5 Ways to Mess Up a Frittata—And How to Fix Them
The frittata—an Italian cousin to the French omelet—looks like a simple egg dish, but it’s much more technical than you’d expect. Yes, a frittata is easy to cook, but it’s also easy to ruin. Forget to grease your pan or overcook the eggs, and you’ve quickly ruined it.
My egg-xiety over this unassuming dish traces back to culinary school. During week two—also known as “Egg Week”—we tackled every egg dish imaginable, from omelets to quiche to scrambled eggs (another deceptively difficult egg dish).
After his demo, the chef-instructor barked orders in his strong French accent before releasing us to the kitchen. The perfect frittata is yellow—not brown! Watch the heat! Don’t burn your frittatas!
RELATED: How to Make a Perfect French Omelet
Our task? To cook a flawless, sunny-yellow frittata with a simple filling of Gruyère cheese, caramelized onions, and mushrooms.
Unfortunately, my frittata was an overcooked, spongy mess. Half of it stuck to the skillet, and the other half was overly browned on the underside.
In front of the class, the instructor made sure I knew exactly what I’d done wrong, and exactly what I needed to do it fix it.
Now, after culinary school and a short stint as a restaurant line cook, few dishes intimidate me. Whether it’s a roasted beef tenderloin with bordelaise sauce, crispy skin-on salmon with tapenade, or whole chicken with chimichurri sauce, I’m all for a challenging recipe.
However, cooking a frittata still puts me on edge. On a recent Sunday morning, I decided to master it, even if it took 40 failed attempts.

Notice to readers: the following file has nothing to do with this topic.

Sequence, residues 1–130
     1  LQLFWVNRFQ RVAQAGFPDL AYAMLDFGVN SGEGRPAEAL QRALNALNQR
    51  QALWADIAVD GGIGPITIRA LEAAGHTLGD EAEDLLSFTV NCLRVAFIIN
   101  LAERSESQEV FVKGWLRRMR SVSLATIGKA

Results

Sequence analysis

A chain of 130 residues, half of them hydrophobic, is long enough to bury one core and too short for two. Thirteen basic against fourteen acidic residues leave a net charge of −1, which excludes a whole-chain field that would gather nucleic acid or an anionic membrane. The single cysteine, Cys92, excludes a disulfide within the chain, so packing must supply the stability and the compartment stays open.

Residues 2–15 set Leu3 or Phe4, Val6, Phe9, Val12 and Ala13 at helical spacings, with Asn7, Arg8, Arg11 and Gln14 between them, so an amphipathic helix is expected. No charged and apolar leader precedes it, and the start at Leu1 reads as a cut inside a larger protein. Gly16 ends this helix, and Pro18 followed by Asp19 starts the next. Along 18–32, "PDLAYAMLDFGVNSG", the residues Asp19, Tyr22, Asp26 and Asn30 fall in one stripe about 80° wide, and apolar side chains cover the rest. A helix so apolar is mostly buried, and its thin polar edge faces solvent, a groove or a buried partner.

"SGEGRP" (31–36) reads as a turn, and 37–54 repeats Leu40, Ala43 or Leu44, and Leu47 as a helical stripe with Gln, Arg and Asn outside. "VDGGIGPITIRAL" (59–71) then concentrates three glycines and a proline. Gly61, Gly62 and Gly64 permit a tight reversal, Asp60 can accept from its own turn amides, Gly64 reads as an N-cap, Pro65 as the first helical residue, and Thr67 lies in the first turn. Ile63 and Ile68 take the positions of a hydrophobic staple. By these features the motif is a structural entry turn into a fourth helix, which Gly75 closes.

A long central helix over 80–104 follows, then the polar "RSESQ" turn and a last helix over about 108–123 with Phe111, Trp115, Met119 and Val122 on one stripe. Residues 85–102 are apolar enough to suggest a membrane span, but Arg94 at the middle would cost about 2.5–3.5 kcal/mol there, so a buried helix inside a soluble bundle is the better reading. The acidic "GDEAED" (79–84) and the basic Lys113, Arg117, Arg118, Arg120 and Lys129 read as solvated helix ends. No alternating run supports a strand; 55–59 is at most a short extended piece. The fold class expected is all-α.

Cooking for one, I needed a solo serving size frittata—Tim Cebula’s delicious and simple Kale and Mushroom Frittata recipe perfectly fit the bill.
Tim’s recipe calls for an 8-inch cast iron skillet, which I don’t own, so I used a small stainless steel skillet instead. After sautéing the mushrooms, kale, and eggs together, I popped the skillet in the broiler. After removing it, I flipped the skillet upside down to release the cooked frittata onto a cutting board. Oops.
This time, I used my large, 10-inch cast-iron skillet. When I pulled it out from the broiler, I was horrified. A two-egg frittata is simply too small for a large skillet. Frittata pancake, anyone?
Frustrated, I purchased a smaller cast-iron skillet (Lodge makes a handy 6 ½-inch skillet—find it on Amazon). After adding the eggs, I broiled the frittata for one minute. It appeared undercooked, so I broiled it one additional minute. While the frittata popped cleanly out of the skillet, the underside was crispy and thoroughly browned. The inside had a rubbery texture, evidencing a very overcooked frittata. (Boo.)
Tim’s frittata calls for goat cheese or feta, but I’d used a mild cheddar cheese (because that’s what was in my fridge). I couldn't taste anything. I’d used a full tablespoon of cheese, but you’d never know it was there.
Determined, I leafed through my old culinary school notes. I found a page from Egg Week: Frittata should be all-yellow, NOT BROWN. Use a salty, full-flavored cheese for best flavor.